This is a working Difference Engine No. 2 at the Computer History Museum in Mountain View, Calif.
Charles Babbage designed a Difference Engine, which is one of the earliest computation machines — some would say the first programmable computer — in the 1840s. He went on to create an improved design, the Difference Engine No. 2, but never built one in his lifetime.
Babbage’s designs were finally built by engineers working for the London Science Museum, with funding from former Microsoft chief technology officer Cameron Myhrvold in 1989 to 1991. But he stipulated that they had to build him a second one in exchange for the funding. He loaned it to the Computer History Museum. Volunteers maintain the pure steel rods so that they don’t rust. This particular machine was finished in 2008.
It’s a particularly inspiring piece of machinery. And it shows how much trouble people went to in order to come up with the calculations that we now take for granted. It’s a reminder of how far we have come and how much technology is at our fingertips in the machines that we have today.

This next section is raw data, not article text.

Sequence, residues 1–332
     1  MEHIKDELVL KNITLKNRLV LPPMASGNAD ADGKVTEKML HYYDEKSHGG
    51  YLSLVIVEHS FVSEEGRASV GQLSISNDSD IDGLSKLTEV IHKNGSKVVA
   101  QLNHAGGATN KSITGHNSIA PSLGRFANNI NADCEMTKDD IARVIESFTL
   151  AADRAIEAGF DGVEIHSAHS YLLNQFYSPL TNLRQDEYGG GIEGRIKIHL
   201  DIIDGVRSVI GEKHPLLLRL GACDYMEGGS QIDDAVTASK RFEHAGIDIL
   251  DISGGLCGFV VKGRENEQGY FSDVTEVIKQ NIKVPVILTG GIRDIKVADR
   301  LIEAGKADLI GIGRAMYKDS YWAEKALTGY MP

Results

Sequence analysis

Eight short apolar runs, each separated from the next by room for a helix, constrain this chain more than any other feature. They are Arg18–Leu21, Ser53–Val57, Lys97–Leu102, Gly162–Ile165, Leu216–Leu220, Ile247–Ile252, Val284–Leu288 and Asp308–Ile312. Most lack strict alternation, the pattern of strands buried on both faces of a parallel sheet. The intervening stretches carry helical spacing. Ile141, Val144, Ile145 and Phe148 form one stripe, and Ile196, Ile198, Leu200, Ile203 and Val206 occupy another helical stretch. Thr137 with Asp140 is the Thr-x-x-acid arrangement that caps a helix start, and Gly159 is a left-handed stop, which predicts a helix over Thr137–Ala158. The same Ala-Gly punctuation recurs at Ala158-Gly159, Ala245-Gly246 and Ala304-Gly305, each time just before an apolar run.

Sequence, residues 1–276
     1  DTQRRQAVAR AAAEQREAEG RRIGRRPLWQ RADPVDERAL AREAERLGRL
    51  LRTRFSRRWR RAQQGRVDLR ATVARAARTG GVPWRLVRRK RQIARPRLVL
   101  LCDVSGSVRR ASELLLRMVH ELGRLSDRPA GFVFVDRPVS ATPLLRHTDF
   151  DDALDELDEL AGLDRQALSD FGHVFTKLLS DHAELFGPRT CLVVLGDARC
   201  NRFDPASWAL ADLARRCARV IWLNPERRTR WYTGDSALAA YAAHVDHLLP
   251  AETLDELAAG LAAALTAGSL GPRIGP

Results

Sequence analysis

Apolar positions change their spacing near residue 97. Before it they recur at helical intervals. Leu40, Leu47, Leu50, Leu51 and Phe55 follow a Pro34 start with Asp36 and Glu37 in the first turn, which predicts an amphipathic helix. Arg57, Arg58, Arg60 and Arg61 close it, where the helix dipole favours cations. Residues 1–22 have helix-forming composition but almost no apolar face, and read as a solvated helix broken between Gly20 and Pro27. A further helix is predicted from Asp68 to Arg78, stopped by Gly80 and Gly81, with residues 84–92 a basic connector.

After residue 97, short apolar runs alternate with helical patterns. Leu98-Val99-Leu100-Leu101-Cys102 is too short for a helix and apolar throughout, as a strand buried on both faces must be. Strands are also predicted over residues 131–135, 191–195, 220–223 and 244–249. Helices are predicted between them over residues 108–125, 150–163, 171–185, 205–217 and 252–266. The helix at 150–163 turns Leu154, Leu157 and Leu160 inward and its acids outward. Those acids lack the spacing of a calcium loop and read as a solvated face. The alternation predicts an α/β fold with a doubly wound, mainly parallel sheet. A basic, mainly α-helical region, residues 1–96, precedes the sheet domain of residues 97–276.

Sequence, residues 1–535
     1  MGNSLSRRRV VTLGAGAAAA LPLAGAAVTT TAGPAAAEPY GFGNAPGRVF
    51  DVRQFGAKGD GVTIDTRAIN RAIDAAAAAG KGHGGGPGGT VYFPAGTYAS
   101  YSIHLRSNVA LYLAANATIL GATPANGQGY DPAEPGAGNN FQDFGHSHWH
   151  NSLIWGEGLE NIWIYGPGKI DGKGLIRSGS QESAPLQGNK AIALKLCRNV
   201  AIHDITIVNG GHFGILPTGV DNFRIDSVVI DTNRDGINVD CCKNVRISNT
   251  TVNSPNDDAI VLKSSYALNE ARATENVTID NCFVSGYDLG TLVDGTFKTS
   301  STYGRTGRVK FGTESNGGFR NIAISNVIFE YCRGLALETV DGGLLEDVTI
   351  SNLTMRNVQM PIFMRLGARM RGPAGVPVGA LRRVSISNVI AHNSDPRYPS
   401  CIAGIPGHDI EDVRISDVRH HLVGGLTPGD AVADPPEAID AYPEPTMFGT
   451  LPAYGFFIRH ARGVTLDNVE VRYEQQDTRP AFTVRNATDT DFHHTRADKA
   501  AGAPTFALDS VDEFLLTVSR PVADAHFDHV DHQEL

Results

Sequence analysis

The Difference Engine is supposed to calculate logarithmic tables. Mathematicians, engineers and scientists relied on these tables for navigation and measurements, but Babbage was concerned that human-created tables were always subject to tiny errors that could produce disastrous results. We shot a little video of the Difference Engine No. 2 in action at the museum, which is celebrating the launch of its $19 million Revolution exhibit on Thursday. After he designed the engine, Babbage added a printer that is shown in the two subsequent videos below. The printer types on paper or on a stereotype tray, which you could flood with liquid metal to make a printing plate with.
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